Pennsylvania State University Partners with NGA

The National Geospatial-Intelligence Agency (NGA) renewed a five-year partnership with both USGIF-accredited Pennsylvania State University’s (PSU) Department of Geography and the university’s Applied Research Laboratory. The cooperative research and development agreements (CRADAs) focus on improving education for geospatial analysts and an urban terrain zone imaging tool used by analysts, respectively. NGA Director Robert Cardillo visited the PSU campus Oct. 1-3 to sign the CRADAs.

VRICON Introduces DSM for $1.99/km

VRICON last week released a medium-resolution global digital surface model (DSM) for $1.99 per square kilometer. VRICON’s DSM-10 is produced from commercial satellite imagery, and the company says the product’s accuracy surpasses all medium-resolution global elevation models currently available.

Woolpert Acquires Leica LiDAR Systems

Woolpert acquired three new Leica ALS80 Airborne Laser Scanners. The addition of these systems allows the company to further expand its aerial data collection services. According to the company’s press release, the additional capability is needed to support Woolpert’s many statewide mapping programs and the U.S. Geological Survey’s 3D Elevation Program.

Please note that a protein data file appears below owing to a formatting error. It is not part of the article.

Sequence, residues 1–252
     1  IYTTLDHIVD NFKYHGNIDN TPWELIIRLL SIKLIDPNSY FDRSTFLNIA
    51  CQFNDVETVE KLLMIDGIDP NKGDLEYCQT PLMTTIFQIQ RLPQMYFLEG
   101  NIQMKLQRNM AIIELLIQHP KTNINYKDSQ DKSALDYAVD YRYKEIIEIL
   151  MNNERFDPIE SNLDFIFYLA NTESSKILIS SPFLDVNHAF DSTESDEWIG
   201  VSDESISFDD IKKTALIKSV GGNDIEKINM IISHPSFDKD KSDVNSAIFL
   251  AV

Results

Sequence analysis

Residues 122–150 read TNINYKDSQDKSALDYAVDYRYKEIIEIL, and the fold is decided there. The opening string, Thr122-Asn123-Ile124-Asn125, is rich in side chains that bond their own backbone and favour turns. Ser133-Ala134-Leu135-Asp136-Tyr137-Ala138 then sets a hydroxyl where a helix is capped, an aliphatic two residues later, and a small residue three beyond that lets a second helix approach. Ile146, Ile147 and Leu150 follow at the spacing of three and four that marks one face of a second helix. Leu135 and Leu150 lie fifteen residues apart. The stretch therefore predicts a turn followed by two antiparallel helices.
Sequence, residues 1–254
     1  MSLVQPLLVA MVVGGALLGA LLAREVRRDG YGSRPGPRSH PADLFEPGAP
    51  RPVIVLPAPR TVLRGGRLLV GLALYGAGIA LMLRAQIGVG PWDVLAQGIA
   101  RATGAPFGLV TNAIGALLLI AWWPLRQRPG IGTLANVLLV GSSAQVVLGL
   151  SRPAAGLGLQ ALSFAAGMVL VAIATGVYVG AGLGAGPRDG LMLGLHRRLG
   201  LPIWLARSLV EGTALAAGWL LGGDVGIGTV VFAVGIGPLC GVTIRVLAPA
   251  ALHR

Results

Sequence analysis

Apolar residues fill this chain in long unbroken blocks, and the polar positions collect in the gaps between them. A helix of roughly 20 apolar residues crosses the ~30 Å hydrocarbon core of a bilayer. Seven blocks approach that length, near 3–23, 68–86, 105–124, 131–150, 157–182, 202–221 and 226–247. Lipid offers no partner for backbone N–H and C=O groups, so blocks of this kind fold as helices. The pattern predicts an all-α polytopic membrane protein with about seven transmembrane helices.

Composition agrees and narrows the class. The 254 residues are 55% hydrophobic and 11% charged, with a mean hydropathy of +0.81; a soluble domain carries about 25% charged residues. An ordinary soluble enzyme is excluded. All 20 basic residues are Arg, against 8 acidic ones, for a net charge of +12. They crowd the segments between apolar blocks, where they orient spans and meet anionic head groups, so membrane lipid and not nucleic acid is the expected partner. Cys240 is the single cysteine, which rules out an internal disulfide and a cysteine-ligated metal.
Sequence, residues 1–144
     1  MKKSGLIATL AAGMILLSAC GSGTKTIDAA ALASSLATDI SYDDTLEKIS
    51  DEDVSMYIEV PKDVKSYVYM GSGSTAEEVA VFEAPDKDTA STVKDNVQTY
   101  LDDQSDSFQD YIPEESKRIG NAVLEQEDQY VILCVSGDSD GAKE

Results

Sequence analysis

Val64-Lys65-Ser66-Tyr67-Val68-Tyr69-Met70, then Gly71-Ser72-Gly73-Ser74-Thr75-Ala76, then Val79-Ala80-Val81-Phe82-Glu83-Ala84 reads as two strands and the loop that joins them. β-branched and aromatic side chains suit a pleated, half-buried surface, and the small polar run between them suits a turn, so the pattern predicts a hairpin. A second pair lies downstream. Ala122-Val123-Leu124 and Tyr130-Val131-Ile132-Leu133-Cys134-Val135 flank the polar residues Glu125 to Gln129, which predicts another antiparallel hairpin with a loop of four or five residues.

OGSystems Named Contractor of the Year

The Fairfax County Chamber of Commerce and the Professional Services Council named OGSystems Contractor of the Year for the $25 to $75 million category during the 2015 Greater Washington Government Contractor Awards event. The Greater Washington Contractor Awards honors leadership, innovation, and commitment to excellence in the region’s government contracting sector.

TomTom to Provide Uber with Map Data

TomTom signed a global, multi-year agreement to provide maps and traffic data for the Uber driver app. According to a New York Times article, Uber will license TomTom’s mapping and traffic management services in more than 300 cities where it operates.

UN to Allow Satellites to Track Airliners

At last week’s World Radiocommunication Conference, the United Nations reached a deal to track airlines via satellite, reports The New York Times. The agreement allows nations to set aside radio frequencies to track airliners, not just from the ground, but also by satellite. The decision is said to be motivated by last year’s disappearance of Malaysia Airlines Flight 370. According to the article, satellite tracking is expected to go into effect by 2017.

Photo Credit: Penn State University

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